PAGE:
Paige Sander I love the cool weather. It jus, it makes me happy. And then, you know, you’re sitting inside and looking outside and it’s snowing a little bit and you’re in your cozy, warm house. And I just, I love the whole season. 

Lisa Bass Yeah, it is actually. I’m kind of excited about it. I don’t even know how this is happening, but there are some parts of it that I’m excited about for sure. 

Paige Sander Now, if you talk to me in February, I’m going to be very grumpy, and I’m going to be done with it. But right now, I’m good. 

Lisa Bass Yeah. That’s what’s getting me is I hate that. 

Paige Sander Yes. 

Lisa Bass All right, taking a break to tell you about another sponsor that is Redmond Real Salt. In my kitchen when I am cooking from scratch, everything from bone broth to vegetable ferments to sourdough bread, salt is something I use an awful lot of. Nothing that I cook for the most part comes pre-salted. And so in order to make a salsa from the garden or a pasta sauce, I need to rely on salt. I have these quality ingredients that I’ve either grown or I’ve sourced locally or from a trusted farmer. And I want to continue the quality and not just dump something, anything in with the salt. And that is why I love to use Redmond Real Salt. I even buy it in bulk. I get the large bucket of it, so that way I never run out. I have a stash of it. I refill my canister that sits by the stove and I just love knowing that I’m not skimping on quality when it comes to something that we use so frequently. You can check out Redmond and their seasoning blends and their bulk salt over at bit.ly/FarmhouseRedmond make sure to use the code FARMHOUSE. Again, that’s bit.ly/FarmhouseRedmond, use the code FARMHOUSE. 

Lisa Bass Okay, so let’s get a little controversial. What are some renovation mistakes that you see people making when it comes to old houses? I know this is a topic— you do love this topic, right? 

Paige Sander I do. I do. I try not to go too hard on it because people get grumpy at me. But yes, old house mistakes. I think the biggest kind of overall theme is trying to make the house something that it’s not. If you’re going to go into a house that is all closed concept, which means that there are individual rooms separated by walls and doorways as most old, older homes are. If you’re going to try to force that to be an open concept house, you might be able to do it. I don’t think it’s ever going to feel as good as what the house wanted to be originally. So if you’re going to buy an old house, instead of immediately ripping everything out, immediately gutting all the plaster because plaster is bad—which it’s not, plaster is great. Instead of doing all of those really aggressive renovations first, see if you can figure out how to live with the house and work with the house instead of listening to HGTV. Because I have the theory that demo is good for TV, and so HGTV has kind of encouraged demolition just for the drama of it. It’s like, “Oh yeah, we’re going to rip down these walls and we’re going to bust through this plaster,” and it’s like, that makes great TV. But does it actually make a better house? I don’t think so. I really don’t think so.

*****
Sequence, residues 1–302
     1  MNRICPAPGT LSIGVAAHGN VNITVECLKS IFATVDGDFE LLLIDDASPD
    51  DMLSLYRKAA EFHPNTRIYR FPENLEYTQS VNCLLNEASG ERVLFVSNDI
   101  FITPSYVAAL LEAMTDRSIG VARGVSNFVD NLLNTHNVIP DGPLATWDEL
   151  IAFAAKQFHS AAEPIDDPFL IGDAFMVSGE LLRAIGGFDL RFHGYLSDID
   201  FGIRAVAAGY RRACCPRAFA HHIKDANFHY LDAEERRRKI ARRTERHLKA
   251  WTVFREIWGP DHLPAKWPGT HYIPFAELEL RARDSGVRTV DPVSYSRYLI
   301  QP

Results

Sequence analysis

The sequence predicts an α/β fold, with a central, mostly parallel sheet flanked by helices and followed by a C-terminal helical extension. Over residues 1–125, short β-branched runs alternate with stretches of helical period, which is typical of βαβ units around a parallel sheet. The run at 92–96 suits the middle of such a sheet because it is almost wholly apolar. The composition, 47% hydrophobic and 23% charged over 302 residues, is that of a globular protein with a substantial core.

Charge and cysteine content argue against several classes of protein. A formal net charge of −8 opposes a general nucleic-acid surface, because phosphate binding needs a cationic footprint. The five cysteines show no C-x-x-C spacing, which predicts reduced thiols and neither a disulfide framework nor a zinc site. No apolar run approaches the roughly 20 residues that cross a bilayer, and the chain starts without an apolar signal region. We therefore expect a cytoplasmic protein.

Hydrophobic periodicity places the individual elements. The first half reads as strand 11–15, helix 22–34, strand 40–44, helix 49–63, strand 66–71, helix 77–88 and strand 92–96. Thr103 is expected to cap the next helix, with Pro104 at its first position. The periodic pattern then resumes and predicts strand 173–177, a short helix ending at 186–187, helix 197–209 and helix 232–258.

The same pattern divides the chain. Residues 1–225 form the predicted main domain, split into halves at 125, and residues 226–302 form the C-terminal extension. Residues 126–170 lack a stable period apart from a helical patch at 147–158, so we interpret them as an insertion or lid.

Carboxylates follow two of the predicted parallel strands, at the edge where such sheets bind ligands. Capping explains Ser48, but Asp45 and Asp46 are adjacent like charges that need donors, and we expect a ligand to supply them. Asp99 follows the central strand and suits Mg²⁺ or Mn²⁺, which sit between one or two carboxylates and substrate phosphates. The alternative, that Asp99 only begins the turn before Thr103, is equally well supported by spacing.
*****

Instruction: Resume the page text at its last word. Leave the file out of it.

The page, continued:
Lisa Bass Yep, I could definitely see that. I always wonder what I was missing because we have all plaster in this house and we had it in our last house, and I’m like, “Why are we supposed to rip this down?” I’ve never really understood what the purpose of that would be. 

Paige Sander So plaster is a really interesting material because it actually holds heat and it holds cooler temperatures much better than drywall. So if you heat up your house, the walls are going to hold a little bit of that heat, and it’ll just stay warm a little bit longer. But the reason that we had to gut all of our plaster is because in the 1979 renovation, they drilled holes in all the stud cavities and they filled it with something called urea formaldehyde foam insulation, which is an open cell spray foam insulation. And they stopped using it because over time it actually shrinks. So none of our stud cavities have any insulation, and they’re all half filled with this horrible foam stuff. So the only way to get it out is to fully gut all of the walls. But the plaster, we’ve been able to save it in a couple of places. We’ve saved it on the ceilings up here, frankly, because I didn’t feel like gutting it and then hauling drywall up to replace it. 

Lisa Bass Oh, yeah.